Academy Museum pushes opening date again, citing rising COVID-19 infection rates
It was inevitable, all things considered: The Academy Museum of Motion Pictures has pushed back its opening date, again, citing rising COVID-19 infection rates, restrictions on public gatherings and ongoing museum closures.
The opening is now set for Sept. 30.
The museum planned to open on Dec. 14, 2020, a date announced at the Oscars this year. But over the summer, because of the coronavirus crisis, the museum pushed that date to April 30. Now, with health officials projecting that much of the public may not have access to COVID-19 vaccines until summer, fall has become a safer bet.
“We only want to make the move once and we feel like there’s still too much uncertainty around how the vaccine will roll out in the spring to open any sooner than September,” museum director Bill Kramer said in an interview. “We want to open strong in the fall and with certainty.”
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L.A. County saw a record 22,469 new coronavirus new cases on Wednesday, as well as a record 134 deaths. The availability of ICU beds in Southern California plummeted to 0.5%. Except for a few weeks this summer, indoor museums have been closed in L.A. County for nine months straight.
The $482-million Renzo Piano-designed museum has been a decades-long odyssey that has suffered construction delays and cost overruns, leadership changes and internal conflicts. Kramer said that construction on the building is finished and the museum is finalizing exhibition installation as well as building out its restaurant and store. It reached its $388-million preopening fundraising campaign goal in mid-November.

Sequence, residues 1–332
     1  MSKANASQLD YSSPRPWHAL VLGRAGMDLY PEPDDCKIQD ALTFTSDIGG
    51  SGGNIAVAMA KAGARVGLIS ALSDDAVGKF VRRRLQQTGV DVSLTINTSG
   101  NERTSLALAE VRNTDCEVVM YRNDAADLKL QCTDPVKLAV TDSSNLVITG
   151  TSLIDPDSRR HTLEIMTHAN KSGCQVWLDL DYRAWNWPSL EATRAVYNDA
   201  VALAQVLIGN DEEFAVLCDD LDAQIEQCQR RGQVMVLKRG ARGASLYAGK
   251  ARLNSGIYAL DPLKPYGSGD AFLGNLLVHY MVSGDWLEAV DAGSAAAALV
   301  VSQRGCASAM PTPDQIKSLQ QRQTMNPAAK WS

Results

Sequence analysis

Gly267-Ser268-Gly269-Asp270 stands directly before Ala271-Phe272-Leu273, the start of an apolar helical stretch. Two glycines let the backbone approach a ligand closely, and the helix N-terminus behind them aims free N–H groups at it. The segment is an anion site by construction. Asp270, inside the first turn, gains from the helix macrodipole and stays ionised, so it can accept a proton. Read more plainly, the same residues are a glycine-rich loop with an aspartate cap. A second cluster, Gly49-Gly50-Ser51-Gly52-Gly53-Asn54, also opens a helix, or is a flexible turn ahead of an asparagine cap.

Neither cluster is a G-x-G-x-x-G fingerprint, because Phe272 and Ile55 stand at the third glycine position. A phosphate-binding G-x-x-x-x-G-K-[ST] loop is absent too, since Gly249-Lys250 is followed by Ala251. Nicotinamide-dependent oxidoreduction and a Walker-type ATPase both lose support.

“We’re totally ready for an April opening,” Kramer said. “But this is about the health and well being of our staff and visitors.”
The museum plans to hold its inaugural fundraising gala Sept. 25, tied to the opening. The event will honor “multiple people from the world of cinema,” Kramer said, declining to reveal any names.
In January film historian, scholar and archivist Jacqueline Stewart will join the museum as chief artistic and programming officer, overseeing exhibitions, programming and education.
2020 decimated our cultural and entertainment institutions. Artists have readjusted their ways of working. Many wonder if they can continue their craft even after the pandemic. Yet we’ve also seen resilience and creativity.
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